Lake County prosecutors to amend charges, add deliberate homicide
POLSON — Desmond Alan Mackay was originally charged with attempted deliberate homicide and two counts of assault with a weapon following an attack with a hammer earlier this month. Now, in light of the victim’s death, Lake County prosecutors are seeking to amend the charges to include deliberate homicide.
Polson resident John Barrows passed away last weekend at Kalispell Regional Medical Center after undergoing emergency surgery. He remained unresponsive and died March 15. The 67-year-old man was Mackay’s father-in-law.
Mackay had attempted to attack his brother-in-law, Jesse Waugh, whom Mackay said owed him money. Instead, Mackay accidentally hit Barrows in the head with a framing hammer.
Original court documents state that Mackay and another man were in a garage in Polson when Waugh entered, took a battery and left. Mackay then grabbed a hammer from a rack and walked over to the door Waugh exited through. The affidavit states that Mackay attempted to get Waugh to reenter the garage by taunting him, but Waugh didn’t answer. Mackay jerked the door open and swung the hammer at the person in the doorway. His blow hit Barrows squarely in the head.
Documents state Mackay uttered an apology to Barrows before going after Waugh, who was outside in the yard. The men fought, but Waugh was able to pin Mackay until authorities arrived.
Barrows was unresponsive at the scene and was rushed to St. Joseph Medical Center before being flown to Kalispell.
In an interview last week, deputy county attorney James Lapotka said the charges against Mackay were contingent on Barrows’ condition. Lapotka said Tuesday that his office will amend the charges prior to Mackay’s arraignment on Thursday to single counts of deliberate homicide and assault with a weapon.
I remember watching a family cross-country ski down the street and I remember trudging a mile in the snow with my bag to get home. I remember businesses being closed and the appointment for my taxes being cancelled.
But I also remember screaming. I remember my shovel full of snow and debris and magazines. I remember the sound of the backhoe as it moved mound after mound of snow trying to find three people buried below.
I didn’t hear the ‘whoomph’ everyone else heard. I told my mom that the avalanche must be much farther up the Rattlesnake than I was because I hadn’t heard anything. Several minutes later, my boyfriend’s roommate Catie came to tell me that snow had slid off Mount Jumbo on Holly Street, a mere two blocks away, and an 8-year-old boy was trapped underneath.
Soon we’d learn there were three victims, but we didn’t wait for that. We ran through thigh-deep snow where the sidewalks should have been. We’d have run in the street where the snow was only knee-deep, but vehicles slid precariously along the unkempt side streets the city hadn’t had time to tend during the storm.
She’s in familiar company — several of her siblings, her husband Todd and her parents are all part of the team. In two years, they expect a member of the third generation will join the crew, a grandson who has played the patient in many training courses throughout the years.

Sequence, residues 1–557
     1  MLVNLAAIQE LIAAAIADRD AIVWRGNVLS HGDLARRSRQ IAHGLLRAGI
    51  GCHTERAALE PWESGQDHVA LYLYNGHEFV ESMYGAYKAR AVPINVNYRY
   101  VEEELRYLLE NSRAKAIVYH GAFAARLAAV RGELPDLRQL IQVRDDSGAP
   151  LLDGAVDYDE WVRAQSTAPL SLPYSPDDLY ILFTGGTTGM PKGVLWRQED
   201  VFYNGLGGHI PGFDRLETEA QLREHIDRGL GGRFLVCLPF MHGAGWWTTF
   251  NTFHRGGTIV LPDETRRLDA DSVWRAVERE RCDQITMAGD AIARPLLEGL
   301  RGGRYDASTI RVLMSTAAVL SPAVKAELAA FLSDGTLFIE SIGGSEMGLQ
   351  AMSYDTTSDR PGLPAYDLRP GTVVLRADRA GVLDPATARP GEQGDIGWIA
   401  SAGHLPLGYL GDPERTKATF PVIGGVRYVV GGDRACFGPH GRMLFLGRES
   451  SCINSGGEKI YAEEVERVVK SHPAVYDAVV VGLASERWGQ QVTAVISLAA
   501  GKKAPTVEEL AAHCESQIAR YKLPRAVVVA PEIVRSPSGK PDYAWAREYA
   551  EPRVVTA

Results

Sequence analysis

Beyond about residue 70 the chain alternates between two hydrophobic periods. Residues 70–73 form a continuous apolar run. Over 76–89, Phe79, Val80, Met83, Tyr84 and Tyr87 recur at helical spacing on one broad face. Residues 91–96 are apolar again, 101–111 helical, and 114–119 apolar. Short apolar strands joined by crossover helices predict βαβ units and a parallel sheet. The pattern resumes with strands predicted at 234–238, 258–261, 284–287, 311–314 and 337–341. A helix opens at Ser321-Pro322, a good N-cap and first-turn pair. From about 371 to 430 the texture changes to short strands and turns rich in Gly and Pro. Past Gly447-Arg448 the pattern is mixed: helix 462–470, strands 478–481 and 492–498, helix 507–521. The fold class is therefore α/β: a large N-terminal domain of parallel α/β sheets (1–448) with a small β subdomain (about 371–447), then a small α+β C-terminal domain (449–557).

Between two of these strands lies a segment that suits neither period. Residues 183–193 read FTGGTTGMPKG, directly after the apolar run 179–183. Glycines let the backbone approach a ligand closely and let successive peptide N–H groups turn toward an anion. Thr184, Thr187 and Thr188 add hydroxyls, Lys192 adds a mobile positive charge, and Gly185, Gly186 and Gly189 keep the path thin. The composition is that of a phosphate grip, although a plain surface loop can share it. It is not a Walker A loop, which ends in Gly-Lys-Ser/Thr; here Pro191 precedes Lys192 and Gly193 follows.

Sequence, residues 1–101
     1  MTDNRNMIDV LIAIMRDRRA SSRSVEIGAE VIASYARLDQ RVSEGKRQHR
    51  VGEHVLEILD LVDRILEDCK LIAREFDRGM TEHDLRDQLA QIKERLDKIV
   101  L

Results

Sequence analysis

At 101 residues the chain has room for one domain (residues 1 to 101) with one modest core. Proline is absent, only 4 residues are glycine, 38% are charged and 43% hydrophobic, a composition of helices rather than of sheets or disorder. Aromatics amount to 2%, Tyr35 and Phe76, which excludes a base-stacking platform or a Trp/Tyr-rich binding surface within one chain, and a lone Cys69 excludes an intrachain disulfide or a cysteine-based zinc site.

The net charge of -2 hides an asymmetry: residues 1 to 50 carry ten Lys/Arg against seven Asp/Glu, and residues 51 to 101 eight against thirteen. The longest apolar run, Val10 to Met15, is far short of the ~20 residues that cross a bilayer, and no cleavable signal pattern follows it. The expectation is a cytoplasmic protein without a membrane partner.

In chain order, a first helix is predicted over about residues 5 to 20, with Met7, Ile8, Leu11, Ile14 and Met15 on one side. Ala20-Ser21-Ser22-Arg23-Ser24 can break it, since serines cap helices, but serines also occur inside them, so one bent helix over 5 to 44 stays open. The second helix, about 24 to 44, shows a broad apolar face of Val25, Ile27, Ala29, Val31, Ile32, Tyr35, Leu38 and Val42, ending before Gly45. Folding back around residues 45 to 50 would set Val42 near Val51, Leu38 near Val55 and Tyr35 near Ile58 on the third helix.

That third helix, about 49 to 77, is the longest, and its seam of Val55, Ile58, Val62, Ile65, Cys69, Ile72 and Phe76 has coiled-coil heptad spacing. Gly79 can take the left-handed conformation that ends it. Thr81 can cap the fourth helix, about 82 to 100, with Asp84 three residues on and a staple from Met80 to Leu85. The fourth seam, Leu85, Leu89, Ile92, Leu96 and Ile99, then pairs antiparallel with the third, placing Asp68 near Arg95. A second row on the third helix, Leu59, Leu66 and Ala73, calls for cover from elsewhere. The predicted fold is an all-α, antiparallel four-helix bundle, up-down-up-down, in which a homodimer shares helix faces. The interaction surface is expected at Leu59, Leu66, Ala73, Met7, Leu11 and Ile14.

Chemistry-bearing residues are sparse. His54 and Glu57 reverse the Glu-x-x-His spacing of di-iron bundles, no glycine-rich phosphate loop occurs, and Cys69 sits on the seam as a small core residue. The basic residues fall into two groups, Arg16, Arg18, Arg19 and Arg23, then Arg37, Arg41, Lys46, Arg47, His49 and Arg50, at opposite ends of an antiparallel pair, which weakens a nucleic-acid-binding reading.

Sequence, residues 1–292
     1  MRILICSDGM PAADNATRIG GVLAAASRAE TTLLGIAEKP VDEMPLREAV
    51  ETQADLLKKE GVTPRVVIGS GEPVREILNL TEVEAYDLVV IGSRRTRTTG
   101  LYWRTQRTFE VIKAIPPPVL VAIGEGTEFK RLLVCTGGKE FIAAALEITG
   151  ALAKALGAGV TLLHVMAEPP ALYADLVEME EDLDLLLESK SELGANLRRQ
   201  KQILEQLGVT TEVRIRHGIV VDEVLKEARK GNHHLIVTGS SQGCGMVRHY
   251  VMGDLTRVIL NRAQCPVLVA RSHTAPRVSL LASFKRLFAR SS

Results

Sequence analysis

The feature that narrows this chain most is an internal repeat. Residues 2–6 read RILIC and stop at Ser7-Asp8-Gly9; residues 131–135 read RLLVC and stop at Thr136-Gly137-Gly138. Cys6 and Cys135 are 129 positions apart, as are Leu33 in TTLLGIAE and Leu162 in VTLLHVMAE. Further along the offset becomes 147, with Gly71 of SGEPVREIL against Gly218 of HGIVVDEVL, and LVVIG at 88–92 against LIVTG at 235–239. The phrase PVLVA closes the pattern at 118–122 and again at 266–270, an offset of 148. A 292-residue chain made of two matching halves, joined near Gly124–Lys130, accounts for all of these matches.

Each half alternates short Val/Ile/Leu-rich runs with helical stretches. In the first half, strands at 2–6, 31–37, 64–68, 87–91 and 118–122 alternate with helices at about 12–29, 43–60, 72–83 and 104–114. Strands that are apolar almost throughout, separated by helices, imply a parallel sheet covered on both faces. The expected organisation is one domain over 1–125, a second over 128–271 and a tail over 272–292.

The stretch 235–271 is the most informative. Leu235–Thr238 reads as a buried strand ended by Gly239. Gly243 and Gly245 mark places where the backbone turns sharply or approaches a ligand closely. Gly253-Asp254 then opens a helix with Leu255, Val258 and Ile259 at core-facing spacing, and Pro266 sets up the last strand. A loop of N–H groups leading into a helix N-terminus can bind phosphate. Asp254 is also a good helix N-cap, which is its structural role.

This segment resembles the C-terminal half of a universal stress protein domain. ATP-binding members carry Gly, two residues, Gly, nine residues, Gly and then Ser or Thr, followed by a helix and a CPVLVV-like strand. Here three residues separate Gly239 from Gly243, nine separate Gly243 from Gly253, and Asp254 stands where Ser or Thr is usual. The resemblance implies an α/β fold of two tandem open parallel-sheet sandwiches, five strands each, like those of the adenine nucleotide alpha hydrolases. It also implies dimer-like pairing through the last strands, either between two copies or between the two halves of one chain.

There are 14 members on the active roster — seven are from the Umphrey clan. However, the situation isn’t abnormal for the Mission Valley Ambulance. The whole group is mostly made from a core of three families.
Trahan, Finley selected as CSKT chairmen
PABLO — Following three consecutive tie votes Friday morning, the Confederated Salish and Kootenai Tribal Council selected Ron Trahan as chairman for the next year. Newly elected councilmember Vernon Finley will serve the second year of the term, starting in 2015.
According to a press release, the council supported the idea of dividing the leadership role into two one-year terms after the vote split even for the third time.
Though rare, the Tribal Council has agreed to the arrangement several times in the past. The most recent instance was in 1986 after Ron Therriault and Michael “Mickey” Pablo tied nine successive times, as reported by the Flathead Courier.
Therriault, a history professor at Salish Kootenai College, served the first year of the term. Pablo took his place as chair in 1987 and is still regarded as one of the council’s strongest leaders.
Trahan, who has served 10 years on the council, will be the first to address key issues that include acquisition of the Kerr Dam hydroelectric facility and the 2015 deadline to file water rights clams if the State Legislature does not support the water rights compact.
Carole Lankford held on to her position as Vice-Chair of the council during Friday’s quarterly meeting. Len Two Teeth and James “Bing” Matt were elected as treasurer and secretary, respectively.
"Suspicious death" deemed case of deliberate homicide
POLSON - What was deemed a “suspicious death” at the beginning of summer is now being considered a case of rape and murder.
Melvin Madplume, Jr. made an initial appearance in District Court last Thursday. The 29-year-old Ronan man is being charged with felony counts of deliberate homicide and sexual intercourse without consent.
The affidavit filed by Lake County Attorney Mitch Young paints a gruesome picture of what happened the night of 28-year-old Laurence Kenmille’s death.